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Treasure hunters claim items were discovered around the site where the gold train is supposedly hidden - including this Nazi Eagle.
Gold fever has descended on southwestern Poland since a top culture official gave credence to the claim of two treasure hunters to have located a legendary Nazi train loaded with valuables in an abandoned mountain railroad tunnel.

Locals and foreigners have arrived by the scores in recent days with metal detectors to comb the forested area of the Owl Mountains in Lower Silesia where authorities said last week they had been shown ground-penetrating radar images of an armored train hidden in a tunnel.
The mountainous area around the castle city of Walbrzych was honeycombed with underground rail passages and bunkers during World War II, when it was part of Germany and the Nazis created Project Riese, or Giant, for suspected weapons development and supply depots for the war effort.
Poland's Deputy Minister of Culture, Piotr Zuchowski described the find as 'unprecedented', adding: 'We do not know what is inside the train. 'Probably military equipment but also possibly jewellery, works of art and archive documents. 'Armoured trains from this period were used to carry extremely valuable items and this is an armoured train, it is a big clue.'

It sparked a frenzy with treasure hunters as far away as Japan descending on the area. With a fear that there are still booby-traps in the area left by the Nazis and that people may be tempted to start digging for the so-called treasures themselves, authorities have now closed off the 4km site.

The train - which legend says disappeared in 1945 as the Nazis tried to get their stolen treasure to safety - is said to be buried underneath this hill in Poland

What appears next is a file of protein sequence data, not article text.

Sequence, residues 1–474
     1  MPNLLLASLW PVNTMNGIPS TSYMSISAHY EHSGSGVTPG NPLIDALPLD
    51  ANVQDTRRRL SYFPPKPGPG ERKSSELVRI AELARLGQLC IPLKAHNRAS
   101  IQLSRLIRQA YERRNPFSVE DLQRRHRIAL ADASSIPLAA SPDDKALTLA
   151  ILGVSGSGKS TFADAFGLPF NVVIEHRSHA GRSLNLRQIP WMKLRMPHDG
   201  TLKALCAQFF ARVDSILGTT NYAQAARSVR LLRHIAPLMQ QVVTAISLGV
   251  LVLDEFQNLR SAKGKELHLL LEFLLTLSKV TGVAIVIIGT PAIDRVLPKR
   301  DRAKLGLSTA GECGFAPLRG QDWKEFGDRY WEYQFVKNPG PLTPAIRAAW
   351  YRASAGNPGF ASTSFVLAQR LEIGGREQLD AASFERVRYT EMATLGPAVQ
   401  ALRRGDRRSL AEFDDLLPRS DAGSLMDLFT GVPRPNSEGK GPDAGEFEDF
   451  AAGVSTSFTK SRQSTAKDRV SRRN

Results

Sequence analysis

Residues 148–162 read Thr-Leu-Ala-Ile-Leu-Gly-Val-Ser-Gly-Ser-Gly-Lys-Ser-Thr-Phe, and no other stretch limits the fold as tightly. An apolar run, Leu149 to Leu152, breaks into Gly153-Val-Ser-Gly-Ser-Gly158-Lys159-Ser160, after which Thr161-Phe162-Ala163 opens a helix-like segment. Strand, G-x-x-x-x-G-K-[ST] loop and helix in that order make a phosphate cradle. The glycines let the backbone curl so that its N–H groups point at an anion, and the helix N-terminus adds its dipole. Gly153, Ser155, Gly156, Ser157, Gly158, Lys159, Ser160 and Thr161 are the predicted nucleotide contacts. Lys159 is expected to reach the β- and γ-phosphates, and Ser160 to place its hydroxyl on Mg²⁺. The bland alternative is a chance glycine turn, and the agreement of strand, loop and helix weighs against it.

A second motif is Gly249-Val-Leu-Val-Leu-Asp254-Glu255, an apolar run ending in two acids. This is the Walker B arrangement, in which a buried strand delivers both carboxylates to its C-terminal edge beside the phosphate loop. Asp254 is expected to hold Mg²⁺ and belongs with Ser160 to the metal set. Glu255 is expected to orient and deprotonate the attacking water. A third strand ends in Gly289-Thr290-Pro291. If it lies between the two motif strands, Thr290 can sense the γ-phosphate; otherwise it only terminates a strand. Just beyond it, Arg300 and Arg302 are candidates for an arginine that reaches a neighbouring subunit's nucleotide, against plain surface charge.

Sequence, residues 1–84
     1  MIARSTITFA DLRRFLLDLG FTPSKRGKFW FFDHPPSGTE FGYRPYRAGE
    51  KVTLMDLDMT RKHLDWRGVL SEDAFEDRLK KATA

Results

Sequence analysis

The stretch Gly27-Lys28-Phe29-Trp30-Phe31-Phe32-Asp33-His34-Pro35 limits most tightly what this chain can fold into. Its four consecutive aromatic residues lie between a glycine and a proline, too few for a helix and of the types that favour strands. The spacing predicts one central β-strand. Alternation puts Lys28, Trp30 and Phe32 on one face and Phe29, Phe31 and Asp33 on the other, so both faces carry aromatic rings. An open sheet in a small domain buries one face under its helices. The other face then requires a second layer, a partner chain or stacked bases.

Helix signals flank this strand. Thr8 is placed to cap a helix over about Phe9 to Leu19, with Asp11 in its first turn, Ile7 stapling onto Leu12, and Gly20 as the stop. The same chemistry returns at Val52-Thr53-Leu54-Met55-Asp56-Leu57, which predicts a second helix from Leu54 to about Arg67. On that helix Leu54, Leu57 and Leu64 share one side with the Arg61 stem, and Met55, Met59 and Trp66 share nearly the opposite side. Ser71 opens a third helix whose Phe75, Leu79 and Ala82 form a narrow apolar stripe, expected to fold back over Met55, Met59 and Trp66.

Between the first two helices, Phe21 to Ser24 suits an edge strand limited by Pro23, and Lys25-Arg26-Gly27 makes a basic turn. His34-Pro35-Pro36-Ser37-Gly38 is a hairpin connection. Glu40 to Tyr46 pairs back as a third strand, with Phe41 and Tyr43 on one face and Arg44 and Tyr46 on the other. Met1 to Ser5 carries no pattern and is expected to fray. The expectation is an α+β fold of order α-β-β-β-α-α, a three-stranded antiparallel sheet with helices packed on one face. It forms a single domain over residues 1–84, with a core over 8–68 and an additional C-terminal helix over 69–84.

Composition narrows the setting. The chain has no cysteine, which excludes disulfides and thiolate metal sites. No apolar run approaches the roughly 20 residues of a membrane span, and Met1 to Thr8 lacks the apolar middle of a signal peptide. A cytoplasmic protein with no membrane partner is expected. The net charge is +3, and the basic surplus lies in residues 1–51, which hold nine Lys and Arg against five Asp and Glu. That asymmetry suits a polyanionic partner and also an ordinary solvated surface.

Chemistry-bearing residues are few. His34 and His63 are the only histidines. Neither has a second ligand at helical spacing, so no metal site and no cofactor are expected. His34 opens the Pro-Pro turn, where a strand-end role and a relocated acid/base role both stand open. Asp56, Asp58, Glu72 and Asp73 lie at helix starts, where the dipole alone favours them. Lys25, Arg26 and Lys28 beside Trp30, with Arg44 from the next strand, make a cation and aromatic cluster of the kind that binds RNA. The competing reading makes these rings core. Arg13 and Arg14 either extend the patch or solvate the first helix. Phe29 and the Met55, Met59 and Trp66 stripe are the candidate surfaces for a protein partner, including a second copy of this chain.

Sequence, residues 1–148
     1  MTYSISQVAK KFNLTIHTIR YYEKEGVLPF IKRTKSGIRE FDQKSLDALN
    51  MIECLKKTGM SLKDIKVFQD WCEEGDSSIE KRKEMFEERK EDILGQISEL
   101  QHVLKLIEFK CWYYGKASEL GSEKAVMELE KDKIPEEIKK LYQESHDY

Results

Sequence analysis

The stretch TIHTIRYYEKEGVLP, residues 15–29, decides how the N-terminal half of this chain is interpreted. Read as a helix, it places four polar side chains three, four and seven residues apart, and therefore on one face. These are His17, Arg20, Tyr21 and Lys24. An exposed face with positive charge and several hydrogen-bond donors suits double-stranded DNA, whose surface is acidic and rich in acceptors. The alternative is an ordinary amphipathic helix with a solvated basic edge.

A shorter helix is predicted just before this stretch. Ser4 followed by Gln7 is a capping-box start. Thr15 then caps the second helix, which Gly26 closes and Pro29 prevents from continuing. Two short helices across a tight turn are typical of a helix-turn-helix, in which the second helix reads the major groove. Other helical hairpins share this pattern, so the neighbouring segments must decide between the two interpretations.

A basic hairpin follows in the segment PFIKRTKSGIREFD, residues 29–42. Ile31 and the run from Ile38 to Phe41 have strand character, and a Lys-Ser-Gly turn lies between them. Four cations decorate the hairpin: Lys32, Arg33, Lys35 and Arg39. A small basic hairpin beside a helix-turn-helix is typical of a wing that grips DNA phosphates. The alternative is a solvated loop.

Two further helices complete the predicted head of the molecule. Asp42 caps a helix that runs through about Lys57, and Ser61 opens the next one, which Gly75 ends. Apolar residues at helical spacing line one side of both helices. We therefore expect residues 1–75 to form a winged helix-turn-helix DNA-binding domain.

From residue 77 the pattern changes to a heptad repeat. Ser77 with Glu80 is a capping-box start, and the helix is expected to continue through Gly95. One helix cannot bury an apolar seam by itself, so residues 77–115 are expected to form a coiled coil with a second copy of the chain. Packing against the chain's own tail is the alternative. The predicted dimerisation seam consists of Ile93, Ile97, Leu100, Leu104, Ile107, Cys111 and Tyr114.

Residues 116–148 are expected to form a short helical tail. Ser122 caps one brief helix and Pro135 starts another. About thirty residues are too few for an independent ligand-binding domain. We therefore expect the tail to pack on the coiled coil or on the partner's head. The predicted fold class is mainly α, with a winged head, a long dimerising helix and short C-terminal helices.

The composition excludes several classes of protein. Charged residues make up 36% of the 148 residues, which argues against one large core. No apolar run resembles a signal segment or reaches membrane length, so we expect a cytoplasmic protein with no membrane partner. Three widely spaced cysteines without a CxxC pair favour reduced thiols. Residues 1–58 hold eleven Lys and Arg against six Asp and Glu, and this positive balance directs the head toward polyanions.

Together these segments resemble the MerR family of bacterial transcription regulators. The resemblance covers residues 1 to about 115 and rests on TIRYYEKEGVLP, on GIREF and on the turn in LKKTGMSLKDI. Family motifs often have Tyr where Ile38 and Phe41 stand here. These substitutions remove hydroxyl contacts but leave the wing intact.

It is well-known that the Nazis built a network of railway lines under the mountains. In May 1945 gold and other valuables from the city of Wroclaw were being transported to Walbrzych when they disappeared between the towns of Lubiechow and Swiebodzice.

According to legend, the Nazis loaded all the valuables they had looted in Wroclaw - then called Breslau and part of Greater Germany - to escape the advancing Red Army.


The legend of the lost gold train holds the Soviets were about to overrun Breslau and that the train was forced to hole up in one of the Riese tunnels before reaching better secured German territory.

Some say there is more than one train, claiming three went into a tunnel one night, never to be seen again.

Friday, 12 August 2016

Ancient HERV K virus survives in Humans for eons

Evidence has emerged that an ancient virus previously known only from fossil evidence has persistently infected some humans at very low levels for hundreds of thousands or even millions of years. This ancient retrovirus is a kind of living fossil, and the discovery of an intact copy of it within the human genome poses questions as to how it has survived, and suggests others from the distant evolutionary past may lie dormant in the DNA of many species.

A retrovirus replicates by inserting its genome into that of an infected cell. Occasionally, retroviruses infect germ line cells – those found in eggs and sperm – and if these cells survive and go on to create a new organism, that new organism will contain the retrovirus as an inherent part of its genome.
The genomes of many mammals, birds and other vertebrates, have accumulated many DNA sequences derived from retroviruses, known as endogenous retroviruses (ERVs). About 8% of the human genome is comprised of ERVs.
Almost all ERVs in humans (known as HERVs) appear to be non-functional remnants of extinct retroviruses. The only exception is one group, called HERV-K, which is potentially capable of replication despite being many millions of years old.